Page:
Jean-Jacques Caspari of the foie gras industry association CIFOG warned on Tuesday of shortages and soaring prices that were likely to last even beyond this year's festive season.
Foie gras — consumed in lavish quantities in France at Christmas and New Year — is the “fatty liver” of geese and ducks that have been force-fed grain.
“We can expect an increase in the price of foie gras of between 10 and 20 percent,” he said, adding that this year would see a 25 percent drop in production the 18,820 tonnes produced in 2015.
He said the industry still had “12 to 18 months” before it can expect to recover from an avian influenza scare that broke out in November last year at a chicken farm in the Dordogne region.
The highly virulent H5N1 strain of the bird flu virus is lethal to birds but does not infect humans easily, although when it does it is fatal in about 60 percent of cases, the World Health Organization (WHO) says.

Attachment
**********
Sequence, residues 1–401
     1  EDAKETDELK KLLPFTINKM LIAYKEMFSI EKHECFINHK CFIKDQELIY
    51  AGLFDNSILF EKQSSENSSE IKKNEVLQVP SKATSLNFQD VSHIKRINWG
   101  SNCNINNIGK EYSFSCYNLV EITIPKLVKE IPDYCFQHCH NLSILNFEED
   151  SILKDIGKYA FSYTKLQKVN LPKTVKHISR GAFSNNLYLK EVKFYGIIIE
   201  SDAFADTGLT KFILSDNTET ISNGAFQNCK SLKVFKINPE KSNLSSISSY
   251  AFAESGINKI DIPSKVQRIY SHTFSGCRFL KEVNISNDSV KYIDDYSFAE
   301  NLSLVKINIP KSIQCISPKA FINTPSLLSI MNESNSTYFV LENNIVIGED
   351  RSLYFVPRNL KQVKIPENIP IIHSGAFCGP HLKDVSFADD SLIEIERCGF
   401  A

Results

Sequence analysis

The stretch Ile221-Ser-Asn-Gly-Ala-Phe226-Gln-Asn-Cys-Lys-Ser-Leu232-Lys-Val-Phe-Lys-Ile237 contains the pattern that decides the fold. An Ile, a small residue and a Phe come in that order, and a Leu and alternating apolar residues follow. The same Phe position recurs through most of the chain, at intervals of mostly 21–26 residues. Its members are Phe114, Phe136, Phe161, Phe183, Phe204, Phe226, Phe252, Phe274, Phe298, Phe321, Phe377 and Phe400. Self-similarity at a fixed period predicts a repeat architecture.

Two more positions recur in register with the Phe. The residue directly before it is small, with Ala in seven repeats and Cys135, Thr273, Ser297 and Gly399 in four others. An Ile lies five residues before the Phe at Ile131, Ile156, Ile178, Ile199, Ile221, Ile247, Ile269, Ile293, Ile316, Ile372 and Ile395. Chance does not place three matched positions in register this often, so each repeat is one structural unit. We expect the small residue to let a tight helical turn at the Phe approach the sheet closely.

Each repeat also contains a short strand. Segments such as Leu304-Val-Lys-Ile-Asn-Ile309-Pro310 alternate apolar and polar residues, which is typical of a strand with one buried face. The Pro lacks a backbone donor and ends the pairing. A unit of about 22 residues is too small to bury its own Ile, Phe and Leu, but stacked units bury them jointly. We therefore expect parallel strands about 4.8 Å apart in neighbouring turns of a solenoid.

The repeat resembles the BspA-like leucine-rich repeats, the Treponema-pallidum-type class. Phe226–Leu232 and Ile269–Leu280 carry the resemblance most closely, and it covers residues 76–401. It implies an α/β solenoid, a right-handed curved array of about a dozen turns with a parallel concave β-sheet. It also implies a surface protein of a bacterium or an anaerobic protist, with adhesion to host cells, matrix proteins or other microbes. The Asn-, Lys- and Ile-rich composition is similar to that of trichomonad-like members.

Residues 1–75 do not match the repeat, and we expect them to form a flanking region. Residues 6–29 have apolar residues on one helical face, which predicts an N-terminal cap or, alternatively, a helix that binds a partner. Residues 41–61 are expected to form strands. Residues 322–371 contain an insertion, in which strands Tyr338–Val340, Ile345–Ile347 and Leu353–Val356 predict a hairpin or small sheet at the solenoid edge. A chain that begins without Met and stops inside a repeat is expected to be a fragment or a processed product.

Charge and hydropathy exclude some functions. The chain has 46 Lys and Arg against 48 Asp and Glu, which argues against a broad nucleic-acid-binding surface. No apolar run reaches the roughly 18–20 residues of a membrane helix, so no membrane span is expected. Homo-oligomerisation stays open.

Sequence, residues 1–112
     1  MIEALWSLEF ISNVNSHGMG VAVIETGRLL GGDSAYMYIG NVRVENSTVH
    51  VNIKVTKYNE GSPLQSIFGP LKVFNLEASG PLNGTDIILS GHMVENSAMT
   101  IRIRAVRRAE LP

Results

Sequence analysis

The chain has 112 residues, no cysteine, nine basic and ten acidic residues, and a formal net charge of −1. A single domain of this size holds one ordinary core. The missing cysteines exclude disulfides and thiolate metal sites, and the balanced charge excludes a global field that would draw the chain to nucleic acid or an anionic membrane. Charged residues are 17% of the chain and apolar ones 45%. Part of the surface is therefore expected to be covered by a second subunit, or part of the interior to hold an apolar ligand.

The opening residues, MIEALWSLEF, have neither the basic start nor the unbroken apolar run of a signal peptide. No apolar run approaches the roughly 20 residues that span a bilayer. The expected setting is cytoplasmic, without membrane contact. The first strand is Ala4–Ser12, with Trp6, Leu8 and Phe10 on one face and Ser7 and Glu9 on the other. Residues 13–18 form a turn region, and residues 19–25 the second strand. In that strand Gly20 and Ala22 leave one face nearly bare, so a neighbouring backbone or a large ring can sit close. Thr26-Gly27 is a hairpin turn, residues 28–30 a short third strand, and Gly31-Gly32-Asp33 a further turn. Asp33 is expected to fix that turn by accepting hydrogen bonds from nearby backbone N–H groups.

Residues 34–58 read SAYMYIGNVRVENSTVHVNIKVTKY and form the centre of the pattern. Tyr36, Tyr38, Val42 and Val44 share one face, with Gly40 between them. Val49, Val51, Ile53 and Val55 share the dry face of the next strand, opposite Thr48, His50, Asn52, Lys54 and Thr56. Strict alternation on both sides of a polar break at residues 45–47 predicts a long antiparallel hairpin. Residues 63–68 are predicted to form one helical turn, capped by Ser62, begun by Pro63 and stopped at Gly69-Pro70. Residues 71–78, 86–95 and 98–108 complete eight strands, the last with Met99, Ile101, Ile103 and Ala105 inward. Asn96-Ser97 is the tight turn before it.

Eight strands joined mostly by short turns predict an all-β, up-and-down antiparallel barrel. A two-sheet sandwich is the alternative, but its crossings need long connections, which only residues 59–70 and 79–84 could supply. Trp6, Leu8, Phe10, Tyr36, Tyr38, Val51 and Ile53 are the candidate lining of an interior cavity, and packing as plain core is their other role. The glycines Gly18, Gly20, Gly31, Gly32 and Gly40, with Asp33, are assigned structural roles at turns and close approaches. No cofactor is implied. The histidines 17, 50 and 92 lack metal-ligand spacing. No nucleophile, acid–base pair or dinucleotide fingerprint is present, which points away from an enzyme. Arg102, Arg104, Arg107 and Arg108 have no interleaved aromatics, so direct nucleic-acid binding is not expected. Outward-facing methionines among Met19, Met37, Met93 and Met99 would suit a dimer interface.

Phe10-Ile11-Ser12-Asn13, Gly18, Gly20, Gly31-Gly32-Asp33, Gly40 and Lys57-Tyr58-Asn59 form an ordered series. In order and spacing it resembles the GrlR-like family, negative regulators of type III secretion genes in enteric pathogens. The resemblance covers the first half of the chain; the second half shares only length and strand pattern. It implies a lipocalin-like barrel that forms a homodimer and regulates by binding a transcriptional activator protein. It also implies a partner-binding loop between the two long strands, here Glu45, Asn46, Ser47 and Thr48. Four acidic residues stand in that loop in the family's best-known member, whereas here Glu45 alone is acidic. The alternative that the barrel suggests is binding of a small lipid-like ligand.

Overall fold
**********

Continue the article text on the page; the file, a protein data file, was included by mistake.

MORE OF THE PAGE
The potential for infection comes when a human is in very close contact with a live bird that is sick with the disease.
Agriculture officials responded to the outbreak by imposing restrictions on poultry farms until mid-May.
Abattoirs will not resume their activities until August 16, the date by which new force-fed birds will be available for slaughter.
CIFOG estimates a loss of 270 million euros ($300 million) for the industry.
The bird flu scare also hit exports of the delicacy, expected to drop from 4,560 tonnes in 2015 to 3,160 tonnes this year.
France usually produces 75 percent of the world's foie gras.
Rival foie gras producers Hungary and Bulgaria are expected to fill the gap in France and make inroads into markets that stopped importing from France, notably Japan's.
The luxury dish has become a battleground between animals-rights campaigners and defenders of France's gourmet traditions.
Force-feeding — known as “gavage” in France — has been banned in several countries but is legal in France.